Facebook: https://www.facebook.com/RWBPoets 
Twitter: @RWBPoets.

Gainville Reading Series Starts 11th Year with Mary Ma and Acoustic Joe!

Mary Ma and Acoustic Joe

The Magic Circle series returns to GainVille Café Friday, June 28 as we begin our 11th year (!) of poetry and music in Rutherford. Our poetry feature will be MARY MA, author of the chapbook Windows, Mirrors. Mary is a disabled, queer, non-binary writer and educator and a member of the Red Wheelbarrow Poet’s’ poetry workshop.

Our musical guest will be guitarist ACOUSTIC APOTHECARY JOE DELGIODICE, who has played in our open many times and in the Tribe of Uncles.

Also featuring the Red Wheelbarrow Poets’ Bring-Your-A-Game open mic.
A $9 cover includes coffee/tea, dessert.

7 PM, GainVille Café
17 Ames Avenue
Rutherford
201-507-1800

RWB Workshop Poem of the Week—June 4

Della Rowland
The Undertaker


If you were 22, newly married, uniformed, and ready 
to ship out with your unit but found yourself 
under a clean white sheet coughing up TB blood, 
then rehabbing with your bride at your bedside
in a slim skirt and fuck-me pumps, 
her photo in the wallet you meant to take with you to the front,
the one of her with her dark wavy hair swooped up off her forehead, 
wrapped in a snood at the nape, a gardenia behind her ear like Billie, 

you might feel the living’s guilt when three quarters 
of that bonded unit was killed right off the boat ramp.

You might think you were always lucky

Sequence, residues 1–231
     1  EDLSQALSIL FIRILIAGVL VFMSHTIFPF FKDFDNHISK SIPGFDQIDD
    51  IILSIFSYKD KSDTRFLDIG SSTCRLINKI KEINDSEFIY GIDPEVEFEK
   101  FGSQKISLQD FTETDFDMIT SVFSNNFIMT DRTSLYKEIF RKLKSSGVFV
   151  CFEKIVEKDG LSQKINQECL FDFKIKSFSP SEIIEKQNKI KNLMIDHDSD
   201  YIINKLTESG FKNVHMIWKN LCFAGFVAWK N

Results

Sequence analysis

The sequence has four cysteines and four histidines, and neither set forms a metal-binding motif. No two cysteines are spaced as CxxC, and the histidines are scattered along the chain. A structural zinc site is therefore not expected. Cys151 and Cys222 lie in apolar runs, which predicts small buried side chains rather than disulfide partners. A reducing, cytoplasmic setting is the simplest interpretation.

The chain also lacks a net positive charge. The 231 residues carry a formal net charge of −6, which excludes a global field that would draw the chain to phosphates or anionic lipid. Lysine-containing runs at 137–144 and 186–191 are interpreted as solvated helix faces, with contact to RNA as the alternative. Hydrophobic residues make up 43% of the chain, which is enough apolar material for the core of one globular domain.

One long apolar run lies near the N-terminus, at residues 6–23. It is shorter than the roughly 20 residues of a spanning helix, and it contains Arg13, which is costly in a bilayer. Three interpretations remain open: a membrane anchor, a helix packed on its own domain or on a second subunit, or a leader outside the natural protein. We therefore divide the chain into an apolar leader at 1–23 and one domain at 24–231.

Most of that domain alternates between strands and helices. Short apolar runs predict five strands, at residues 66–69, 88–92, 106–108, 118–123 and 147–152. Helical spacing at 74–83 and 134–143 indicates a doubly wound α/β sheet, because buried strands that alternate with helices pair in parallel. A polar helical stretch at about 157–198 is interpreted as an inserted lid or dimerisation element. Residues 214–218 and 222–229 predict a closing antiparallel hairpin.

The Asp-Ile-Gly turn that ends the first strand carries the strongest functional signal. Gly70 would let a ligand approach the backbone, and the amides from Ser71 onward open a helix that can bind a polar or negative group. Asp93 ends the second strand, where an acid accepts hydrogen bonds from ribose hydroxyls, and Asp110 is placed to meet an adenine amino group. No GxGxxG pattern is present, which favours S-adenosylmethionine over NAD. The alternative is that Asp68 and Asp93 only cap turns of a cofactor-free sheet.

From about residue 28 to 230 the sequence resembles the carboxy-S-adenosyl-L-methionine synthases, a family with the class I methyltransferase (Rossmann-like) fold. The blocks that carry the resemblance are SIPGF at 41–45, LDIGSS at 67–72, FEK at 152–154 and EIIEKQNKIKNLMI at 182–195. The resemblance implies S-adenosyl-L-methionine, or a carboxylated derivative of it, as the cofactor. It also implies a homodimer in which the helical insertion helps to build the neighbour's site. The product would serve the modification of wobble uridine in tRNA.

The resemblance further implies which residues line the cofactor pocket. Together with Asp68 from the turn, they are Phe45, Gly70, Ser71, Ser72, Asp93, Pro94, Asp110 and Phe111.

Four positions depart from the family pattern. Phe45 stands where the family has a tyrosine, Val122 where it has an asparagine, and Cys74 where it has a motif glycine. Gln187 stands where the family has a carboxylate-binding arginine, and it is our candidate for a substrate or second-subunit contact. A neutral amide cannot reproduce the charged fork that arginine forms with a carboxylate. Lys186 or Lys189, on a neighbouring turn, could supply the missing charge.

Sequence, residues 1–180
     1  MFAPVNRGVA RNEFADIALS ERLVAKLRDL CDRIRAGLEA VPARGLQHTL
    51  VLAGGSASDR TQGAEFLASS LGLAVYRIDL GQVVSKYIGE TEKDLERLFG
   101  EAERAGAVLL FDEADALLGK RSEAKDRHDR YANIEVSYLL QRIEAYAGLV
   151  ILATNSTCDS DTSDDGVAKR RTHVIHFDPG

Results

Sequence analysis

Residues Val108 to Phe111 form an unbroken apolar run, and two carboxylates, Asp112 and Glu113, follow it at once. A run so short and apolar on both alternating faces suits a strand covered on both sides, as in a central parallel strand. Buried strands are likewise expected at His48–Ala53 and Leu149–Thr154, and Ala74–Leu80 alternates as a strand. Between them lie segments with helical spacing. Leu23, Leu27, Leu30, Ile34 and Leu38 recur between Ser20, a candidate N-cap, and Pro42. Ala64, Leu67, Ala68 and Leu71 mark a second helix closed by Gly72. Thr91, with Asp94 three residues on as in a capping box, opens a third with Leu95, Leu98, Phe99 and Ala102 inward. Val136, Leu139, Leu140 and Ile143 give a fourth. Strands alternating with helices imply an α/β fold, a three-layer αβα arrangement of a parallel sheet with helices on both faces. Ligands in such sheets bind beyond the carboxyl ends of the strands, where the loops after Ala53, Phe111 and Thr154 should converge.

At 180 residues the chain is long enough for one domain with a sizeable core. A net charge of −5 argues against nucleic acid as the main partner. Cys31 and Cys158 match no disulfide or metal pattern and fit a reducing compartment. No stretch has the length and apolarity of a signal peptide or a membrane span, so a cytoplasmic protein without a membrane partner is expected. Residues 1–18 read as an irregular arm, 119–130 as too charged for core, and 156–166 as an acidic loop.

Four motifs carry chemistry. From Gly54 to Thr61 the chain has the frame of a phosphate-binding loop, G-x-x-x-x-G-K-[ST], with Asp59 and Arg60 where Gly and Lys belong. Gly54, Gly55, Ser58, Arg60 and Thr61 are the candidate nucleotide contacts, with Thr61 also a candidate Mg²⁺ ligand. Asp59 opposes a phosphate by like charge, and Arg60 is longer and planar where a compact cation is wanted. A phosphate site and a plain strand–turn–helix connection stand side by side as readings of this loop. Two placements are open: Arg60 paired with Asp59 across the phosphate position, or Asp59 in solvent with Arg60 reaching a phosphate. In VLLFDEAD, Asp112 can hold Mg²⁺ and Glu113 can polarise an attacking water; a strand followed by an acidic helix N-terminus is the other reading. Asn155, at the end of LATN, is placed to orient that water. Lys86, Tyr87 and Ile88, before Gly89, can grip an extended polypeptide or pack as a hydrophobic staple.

and you’d have been the heads side of that coin flip 
to see who goes and dies, or stays and lives.

You might believe, having tricked death once with TB, 
that you could stay in that good grace 
by selling life after death in your three funeral homes, 
where a body is brought to look natural again, 
where the family would pay someone to take its bones back to earth.

You might hope that the grieving living would never forget you, 
your vividly empathetic eyes, your sudden chivalrous gestures 
as if to save a swaying vase from shattering on the floor,
like when you bolted from a chair to grab a tissue
and dab a mourner’s eye with the familiarity of kin.

You might wish to hear everyone who crowded your wake 
and gravesite proclaim their love 
and recount their particular memory of your kindnesses,
as if they knew how carefully you placed their dead 
on the porcelain table with a drain at one end, 
how you patted their hands after massaging the blood out, 
preserved their modesty with a white sheet.

As if they knew you saw each car-wrecked body that came to you
as a boy from off the battlefield, 
uniform in tatters,
whose smashed-up face and bloodied hands 
must be restored.

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Blog – http://redwheelbarrowpoets.org
Facebook – https://www.facebook.com/RWBPoets
Twitter – https://twitter.com/RWBPoets

RWB Workshop Poem of the Week—May 28

Mary Ma
How To Stay In New Jersey


It’s a small state but there’s room.             
Make room. Bring a map to your desk
and get to work:

Run a red marker over
all the parking lots you purged in. 
Black top tucked behind